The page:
I’ve been sitting on this review for better than a week, because I just have no idea what to say. Okay, that’s not entirely true. I could easily sum up Royal Assassin in a single sentence. But that sentence would just be incredibly spoilery, and I’m not sure how else to talk about it without doing that. So here I’ve sat, not writing anything, but instead turning it over and over in my head, since Mary is still like half a book behind me so I can’t start the next one yet anyway. And I honestly might wait longer, gorging on comics all the while, except that my newest device is having touchscreen problems and I’m maybe about to have to ship it off for repairs, so, uh… yeah.
The thing about Assassin’s Apprentice is that it’s dark and grim from start to finish. The Fitz starts off as an unwanted bastard, learns of his secret royal parentage (but in the “still totally a bastard” way, not the “gonna end up the king of everything” way that usually happens in fantasy), trains to become an assassin (I mean, like you’d expect. It’s right there in the title!), and makes friends and enemies along the way. In the end, he faces a challenge and comes out beat up badly, but successful.
(There’s more to the review behind this cut, because my god the spoilers just explode everywhere.)
In a conclusion that will be of no surprise to anyone much, I should have read a Robin Hobb book long before now. Still, though, I’ve read Assassin’s Apprentice now; and to make up for how overdue that is, I at least had a reading companion.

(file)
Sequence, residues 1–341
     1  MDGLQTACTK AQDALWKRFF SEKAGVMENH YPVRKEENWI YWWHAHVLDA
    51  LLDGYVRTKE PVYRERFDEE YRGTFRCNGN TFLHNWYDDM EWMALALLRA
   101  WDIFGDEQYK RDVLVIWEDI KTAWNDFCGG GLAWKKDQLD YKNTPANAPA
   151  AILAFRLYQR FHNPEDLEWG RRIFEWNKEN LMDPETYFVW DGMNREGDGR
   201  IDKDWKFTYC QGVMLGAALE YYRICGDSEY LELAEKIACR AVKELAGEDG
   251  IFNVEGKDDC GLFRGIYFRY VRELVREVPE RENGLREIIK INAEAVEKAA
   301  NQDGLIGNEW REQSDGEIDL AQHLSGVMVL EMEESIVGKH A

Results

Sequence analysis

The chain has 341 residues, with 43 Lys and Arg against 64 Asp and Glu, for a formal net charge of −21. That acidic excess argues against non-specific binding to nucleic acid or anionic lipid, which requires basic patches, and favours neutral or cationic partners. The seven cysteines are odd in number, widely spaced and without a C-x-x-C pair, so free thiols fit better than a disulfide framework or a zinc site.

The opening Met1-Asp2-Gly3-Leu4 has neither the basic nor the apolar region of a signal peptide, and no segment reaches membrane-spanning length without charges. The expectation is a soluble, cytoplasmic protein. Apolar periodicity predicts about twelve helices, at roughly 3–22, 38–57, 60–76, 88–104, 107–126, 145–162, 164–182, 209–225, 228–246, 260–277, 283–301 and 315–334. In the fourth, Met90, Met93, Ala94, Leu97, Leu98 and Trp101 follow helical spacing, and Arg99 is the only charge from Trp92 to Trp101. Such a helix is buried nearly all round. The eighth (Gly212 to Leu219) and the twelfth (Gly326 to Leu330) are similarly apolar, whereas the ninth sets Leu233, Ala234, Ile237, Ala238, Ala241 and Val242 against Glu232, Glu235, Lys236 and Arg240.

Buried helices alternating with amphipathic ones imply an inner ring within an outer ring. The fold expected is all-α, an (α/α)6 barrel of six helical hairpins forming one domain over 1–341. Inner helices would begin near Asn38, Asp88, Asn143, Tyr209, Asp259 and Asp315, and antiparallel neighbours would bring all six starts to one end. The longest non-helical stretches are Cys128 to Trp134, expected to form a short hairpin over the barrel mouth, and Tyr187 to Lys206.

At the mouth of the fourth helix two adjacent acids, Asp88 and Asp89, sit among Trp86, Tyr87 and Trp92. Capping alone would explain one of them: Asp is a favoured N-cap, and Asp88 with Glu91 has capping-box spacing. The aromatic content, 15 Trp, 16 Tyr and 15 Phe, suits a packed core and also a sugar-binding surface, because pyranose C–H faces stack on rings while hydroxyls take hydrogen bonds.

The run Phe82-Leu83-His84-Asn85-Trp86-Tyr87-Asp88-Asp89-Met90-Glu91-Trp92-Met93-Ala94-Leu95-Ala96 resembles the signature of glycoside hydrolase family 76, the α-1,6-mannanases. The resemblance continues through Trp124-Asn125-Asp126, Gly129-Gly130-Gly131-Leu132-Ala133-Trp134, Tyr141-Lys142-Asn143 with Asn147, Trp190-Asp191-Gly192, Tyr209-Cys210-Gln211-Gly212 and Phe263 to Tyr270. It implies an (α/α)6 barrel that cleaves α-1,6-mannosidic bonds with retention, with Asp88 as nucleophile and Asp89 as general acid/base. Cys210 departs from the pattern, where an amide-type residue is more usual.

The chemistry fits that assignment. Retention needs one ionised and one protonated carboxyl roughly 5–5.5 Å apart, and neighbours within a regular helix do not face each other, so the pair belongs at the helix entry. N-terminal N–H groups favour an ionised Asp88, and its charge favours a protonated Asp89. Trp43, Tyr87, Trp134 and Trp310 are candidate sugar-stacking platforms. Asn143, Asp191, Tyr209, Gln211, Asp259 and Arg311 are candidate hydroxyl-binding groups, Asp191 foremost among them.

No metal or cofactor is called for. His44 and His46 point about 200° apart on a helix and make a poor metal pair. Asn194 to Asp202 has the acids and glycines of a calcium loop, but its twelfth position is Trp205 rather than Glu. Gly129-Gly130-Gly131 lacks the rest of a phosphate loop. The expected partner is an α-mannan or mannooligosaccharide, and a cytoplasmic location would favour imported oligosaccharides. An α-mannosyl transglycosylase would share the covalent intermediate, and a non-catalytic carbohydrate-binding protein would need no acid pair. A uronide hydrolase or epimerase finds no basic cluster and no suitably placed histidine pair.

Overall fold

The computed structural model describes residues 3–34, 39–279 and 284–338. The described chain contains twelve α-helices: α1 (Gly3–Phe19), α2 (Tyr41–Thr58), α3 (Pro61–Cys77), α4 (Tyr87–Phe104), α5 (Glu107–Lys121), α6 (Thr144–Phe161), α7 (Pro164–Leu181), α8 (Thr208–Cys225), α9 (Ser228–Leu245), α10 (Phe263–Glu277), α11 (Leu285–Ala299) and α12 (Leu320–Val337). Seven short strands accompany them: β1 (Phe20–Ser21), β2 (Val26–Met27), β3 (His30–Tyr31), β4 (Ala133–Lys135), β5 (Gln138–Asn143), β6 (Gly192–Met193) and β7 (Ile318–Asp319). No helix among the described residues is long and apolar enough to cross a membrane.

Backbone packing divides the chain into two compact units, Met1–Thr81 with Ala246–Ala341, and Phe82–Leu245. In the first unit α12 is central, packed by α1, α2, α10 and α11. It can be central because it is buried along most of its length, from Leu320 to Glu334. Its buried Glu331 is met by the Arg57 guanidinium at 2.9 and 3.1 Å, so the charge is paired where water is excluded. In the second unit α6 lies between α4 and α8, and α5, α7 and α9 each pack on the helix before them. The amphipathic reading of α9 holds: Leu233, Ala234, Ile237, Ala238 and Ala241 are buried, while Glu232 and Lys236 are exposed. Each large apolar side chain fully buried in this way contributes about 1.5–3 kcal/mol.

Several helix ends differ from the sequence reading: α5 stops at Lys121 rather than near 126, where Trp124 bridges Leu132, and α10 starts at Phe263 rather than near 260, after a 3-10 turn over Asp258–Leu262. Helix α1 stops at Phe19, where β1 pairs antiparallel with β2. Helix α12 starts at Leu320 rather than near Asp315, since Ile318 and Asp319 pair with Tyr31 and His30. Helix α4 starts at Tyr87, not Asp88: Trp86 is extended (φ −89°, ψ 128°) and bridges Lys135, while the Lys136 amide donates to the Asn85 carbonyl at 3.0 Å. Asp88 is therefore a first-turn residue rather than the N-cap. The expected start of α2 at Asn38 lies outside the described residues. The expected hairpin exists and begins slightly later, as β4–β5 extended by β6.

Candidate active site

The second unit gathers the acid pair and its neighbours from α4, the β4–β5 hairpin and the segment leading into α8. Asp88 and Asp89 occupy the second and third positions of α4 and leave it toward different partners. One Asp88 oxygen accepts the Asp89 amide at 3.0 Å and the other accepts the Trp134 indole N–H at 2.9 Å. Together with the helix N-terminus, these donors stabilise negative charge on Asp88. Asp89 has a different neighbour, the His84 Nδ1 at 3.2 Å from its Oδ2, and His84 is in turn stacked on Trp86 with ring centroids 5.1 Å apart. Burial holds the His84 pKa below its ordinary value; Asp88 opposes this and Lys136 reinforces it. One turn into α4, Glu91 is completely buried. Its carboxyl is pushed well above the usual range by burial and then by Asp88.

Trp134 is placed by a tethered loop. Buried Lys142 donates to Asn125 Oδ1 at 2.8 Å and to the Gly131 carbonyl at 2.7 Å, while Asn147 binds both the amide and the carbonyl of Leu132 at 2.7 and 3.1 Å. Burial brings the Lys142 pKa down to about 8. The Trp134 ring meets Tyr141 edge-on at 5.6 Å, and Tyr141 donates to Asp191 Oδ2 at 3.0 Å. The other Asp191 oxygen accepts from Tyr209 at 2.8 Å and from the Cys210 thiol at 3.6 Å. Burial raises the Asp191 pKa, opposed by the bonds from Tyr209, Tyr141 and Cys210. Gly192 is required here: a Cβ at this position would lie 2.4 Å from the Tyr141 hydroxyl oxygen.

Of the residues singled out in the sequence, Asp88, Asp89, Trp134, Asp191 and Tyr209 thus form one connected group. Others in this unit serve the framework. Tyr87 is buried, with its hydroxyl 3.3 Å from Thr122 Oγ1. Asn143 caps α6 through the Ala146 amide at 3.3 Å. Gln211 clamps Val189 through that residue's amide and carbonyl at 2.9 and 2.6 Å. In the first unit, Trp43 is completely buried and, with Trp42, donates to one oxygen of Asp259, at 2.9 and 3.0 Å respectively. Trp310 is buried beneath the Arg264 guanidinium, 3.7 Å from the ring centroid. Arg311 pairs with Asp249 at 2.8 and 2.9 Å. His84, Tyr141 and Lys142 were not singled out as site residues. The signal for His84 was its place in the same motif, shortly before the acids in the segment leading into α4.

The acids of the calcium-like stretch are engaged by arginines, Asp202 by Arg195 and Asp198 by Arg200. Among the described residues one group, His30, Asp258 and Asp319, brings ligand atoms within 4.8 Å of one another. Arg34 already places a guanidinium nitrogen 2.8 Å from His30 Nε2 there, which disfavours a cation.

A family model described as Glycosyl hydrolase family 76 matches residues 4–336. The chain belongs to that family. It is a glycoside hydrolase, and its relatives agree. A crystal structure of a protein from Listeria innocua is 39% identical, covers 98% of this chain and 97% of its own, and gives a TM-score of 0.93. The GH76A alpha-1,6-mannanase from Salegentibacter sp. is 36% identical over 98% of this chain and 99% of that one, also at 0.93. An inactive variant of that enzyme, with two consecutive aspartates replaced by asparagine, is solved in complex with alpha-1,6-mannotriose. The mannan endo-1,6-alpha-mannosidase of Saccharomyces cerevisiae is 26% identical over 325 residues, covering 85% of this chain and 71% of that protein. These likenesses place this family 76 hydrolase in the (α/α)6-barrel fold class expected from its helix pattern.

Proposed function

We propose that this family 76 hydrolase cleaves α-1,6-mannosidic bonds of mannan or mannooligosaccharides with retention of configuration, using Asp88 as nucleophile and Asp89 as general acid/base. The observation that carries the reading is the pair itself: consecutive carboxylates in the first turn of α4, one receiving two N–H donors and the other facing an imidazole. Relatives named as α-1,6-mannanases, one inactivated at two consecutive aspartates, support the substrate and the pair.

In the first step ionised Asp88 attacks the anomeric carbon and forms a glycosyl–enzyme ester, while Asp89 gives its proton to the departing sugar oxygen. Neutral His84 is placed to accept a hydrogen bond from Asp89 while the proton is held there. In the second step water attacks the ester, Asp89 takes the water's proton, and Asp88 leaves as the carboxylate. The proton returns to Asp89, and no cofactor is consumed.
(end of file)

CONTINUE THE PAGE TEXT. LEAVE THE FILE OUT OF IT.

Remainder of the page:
To the extent that I went in with expectations, they were these: that these books are bleak and dark and full of horrible events occasionally broken up by fleeting happiness. After one such book, I have to say my expectations were largely fulfilled. It’s funny, Fitz is not a perfectly reliable narrator, but you can tell that he wants to be. His failures are not failures to see himself clearly, or unwillingness to admit to himself or his audience some dark truth or other. It’s just, his life has been so far outside the bounds of normalcy (or even the bounds of viewpoint characters in low magic fantasy realms) that he honestly cannot see just how bad he has it; and contrariwise, he cannot really tell when he is being treated badly instead of normally. It’s an impressive series of blind spots.
Nevertheless, the moments of pure happiness are there, and I had constant empathy for him, and empathy for others inhabiting his world, and interest in that world and what will happen next. It’s not just the 20+ years of bibliography that have built up. Even from this book alone, I can tell that only a very small part of what could be a very large story indeed has been told. The fact that people I trust say the quality doesn’t drop off is purely icing.
 Or, okay, this is a trilogy. It might be more fair to say that it’s obvious there’s a lot of trilogy left to tell, with a lot of escalation between here and there. My expectations of even more than that lurking around the edges could be better described as Stockholm Syndrome from one too many doorstop series? Whatever, I like them long to the point of unending.